The best use of bonuses

Cash bonuses for software developers and other IT staff became commonplace during the go-go '90s. Now, when money at many companies is tight, how can CIOs ensure that money is being disbursed wisely?

          Cash bonuses for software developers and other IT staff became commonplace during the go-go '90s. Now, when money at many companies is tight, how can CIOs ensure that money is being disbursed wisely?

          Bonuses have an inherent alignment problem, says John Blanco, vice president of Cablevision Systems' corporate IS strategic communications headquartered in Bethpage, New York. "Every IT professional is fighting to look over the fence to see what the business is really doing. It seems that when we reward people, we go back to our own camps."

          In pursuit of IT-business alignment, Cablevision recently reorganised the 600-person IT staff into cross-functional teams. IT employees continue to report to the CIO's office, but they are stationed within the business units. The details of the bonus plan are still to be determined, but a big part of each IS staffer's bonus will depend on what the head of his business unit says about IT.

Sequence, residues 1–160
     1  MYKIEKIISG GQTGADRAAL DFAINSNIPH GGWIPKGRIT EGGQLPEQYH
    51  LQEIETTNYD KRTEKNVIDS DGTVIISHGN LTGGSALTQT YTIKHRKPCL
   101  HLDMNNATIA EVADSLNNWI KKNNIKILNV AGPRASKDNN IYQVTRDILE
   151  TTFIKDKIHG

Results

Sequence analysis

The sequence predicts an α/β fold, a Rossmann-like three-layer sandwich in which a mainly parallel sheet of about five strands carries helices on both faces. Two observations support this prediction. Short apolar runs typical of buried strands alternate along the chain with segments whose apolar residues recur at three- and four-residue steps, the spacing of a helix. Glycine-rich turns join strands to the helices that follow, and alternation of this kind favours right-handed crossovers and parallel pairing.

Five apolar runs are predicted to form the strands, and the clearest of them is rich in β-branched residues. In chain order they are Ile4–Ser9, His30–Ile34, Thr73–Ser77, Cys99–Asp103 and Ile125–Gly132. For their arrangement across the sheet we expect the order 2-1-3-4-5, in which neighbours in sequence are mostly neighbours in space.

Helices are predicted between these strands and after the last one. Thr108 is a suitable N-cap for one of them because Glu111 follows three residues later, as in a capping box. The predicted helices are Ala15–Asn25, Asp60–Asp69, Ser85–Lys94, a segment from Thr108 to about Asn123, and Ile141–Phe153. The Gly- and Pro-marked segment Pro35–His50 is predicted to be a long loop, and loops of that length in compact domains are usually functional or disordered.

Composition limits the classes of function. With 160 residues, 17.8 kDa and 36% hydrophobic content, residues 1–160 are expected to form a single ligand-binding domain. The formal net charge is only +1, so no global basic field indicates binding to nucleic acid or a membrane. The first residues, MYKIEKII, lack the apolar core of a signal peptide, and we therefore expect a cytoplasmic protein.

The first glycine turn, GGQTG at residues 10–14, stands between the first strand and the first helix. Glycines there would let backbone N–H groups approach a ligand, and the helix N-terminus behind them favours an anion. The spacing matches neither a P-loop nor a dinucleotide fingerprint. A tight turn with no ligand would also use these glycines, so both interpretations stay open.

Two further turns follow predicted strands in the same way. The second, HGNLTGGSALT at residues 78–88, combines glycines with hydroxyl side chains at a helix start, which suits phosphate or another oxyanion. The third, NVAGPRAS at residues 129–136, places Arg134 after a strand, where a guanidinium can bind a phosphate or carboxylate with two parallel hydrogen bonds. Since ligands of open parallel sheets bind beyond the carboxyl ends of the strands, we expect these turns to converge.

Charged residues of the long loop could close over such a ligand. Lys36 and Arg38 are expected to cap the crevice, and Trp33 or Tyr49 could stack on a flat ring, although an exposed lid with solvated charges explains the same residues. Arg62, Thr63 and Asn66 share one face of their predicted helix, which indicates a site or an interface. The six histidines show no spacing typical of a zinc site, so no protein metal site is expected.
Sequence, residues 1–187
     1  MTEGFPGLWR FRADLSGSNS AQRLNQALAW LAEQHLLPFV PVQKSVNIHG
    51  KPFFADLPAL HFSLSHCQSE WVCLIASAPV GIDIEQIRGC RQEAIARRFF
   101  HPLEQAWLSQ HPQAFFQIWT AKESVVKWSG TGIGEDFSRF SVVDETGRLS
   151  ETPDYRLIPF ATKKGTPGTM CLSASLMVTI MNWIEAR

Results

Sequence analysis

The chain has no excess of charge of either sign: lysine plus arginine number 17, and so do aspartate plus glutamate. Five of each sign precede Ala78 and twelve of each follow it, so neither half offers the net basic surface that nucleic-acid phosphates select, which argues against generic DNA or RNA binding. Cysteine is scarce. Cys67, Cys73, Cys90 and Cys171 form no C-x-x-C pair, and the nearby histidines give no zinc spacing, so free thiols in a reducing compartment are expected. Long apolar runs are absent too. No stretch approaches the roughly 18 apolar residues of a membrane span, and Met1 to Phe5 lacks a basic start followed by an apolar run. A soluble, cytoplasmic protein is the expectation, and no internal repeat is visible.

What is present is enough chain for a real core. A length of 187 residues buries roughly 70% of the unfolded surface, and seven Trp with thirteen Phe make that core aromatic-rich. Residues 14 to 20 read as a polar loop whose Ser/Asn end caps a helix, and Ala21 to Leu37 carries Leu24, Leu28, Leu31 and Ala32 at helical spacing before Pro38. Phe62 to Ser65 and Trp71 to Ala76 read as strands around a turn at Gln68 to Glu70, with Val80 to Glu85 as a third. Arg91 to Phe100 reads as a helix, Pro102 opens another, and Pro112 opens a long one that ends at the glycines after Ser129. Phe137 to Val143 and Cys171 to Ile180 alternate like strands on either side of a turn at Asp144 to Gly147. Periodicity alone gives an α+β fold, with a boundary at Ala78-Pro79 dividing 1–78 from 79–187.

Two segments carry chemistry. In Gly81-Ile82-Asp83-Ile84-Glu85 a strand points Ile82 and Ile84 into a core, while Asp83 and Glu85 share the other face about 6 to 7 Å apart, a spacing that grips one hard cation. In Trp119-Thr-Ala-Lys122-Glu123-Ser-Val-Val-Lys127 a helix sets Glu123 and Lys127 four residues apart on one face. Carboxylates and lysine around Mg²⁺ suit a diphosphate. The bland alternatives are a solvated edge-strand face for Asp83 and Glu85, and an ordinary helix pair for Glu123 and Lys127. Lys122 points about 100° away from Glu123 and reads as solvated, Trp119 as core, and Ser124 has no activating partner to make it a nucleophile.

"I want my IT people to feel they have an investment in a business objective," Blanco says. "It goes against the grain, so we use bonuses to help [alignment] along."

          Ralph Rodriguez, CIO and chief security officer of eXcelon, an XML software company based in Burlington, Massachusetts, keeps his troops aligned by doling out bonuses quarterly.

          "The frequency helps alignment because [bonuses] come up so regularly," he says.

          Bonuses are based on company performance and are not guaranteed; sometimes there's no money to give. Most quarters, though, Rodriguez is able to sit down with each of his 16 IT staffers for a review of their work. Based on criteria such as effort, quality of work and collaboration with line managers, he hands out cash bonuses that range from zero to 15% of employees' salaries. "I don't try to give the money away," he says. "The company doesn't get a return from that."

          Suppressing scope creep

          Ace Hardware uses bonuses to limit scope creep.

          "Users tend to say [to IS], 'I don't have a lot of time. You know what I want,'" says Paul Ingevaldson, senior vice president of international and technology at the Oakbrook, Illinois-based company. That tendency leads to ambiguous targets, ever-expanding projects and missed deadlines.

          "We argue back that it's better to get things done," Ingevaldson says. IT projects are rigorously defined at the start of the project, and the 300 IS employees are awarded bonuses based on their ability to meet the deadlines.

          The bonus plan which can be "pretty rich," Ingevaldson says "makes IT staff into businesspeople instead of a bunch of techies." The result has been an increase in the number of projects coming in on time, he says, and an awareness throughout the company that the IS group will do what it says it will do.

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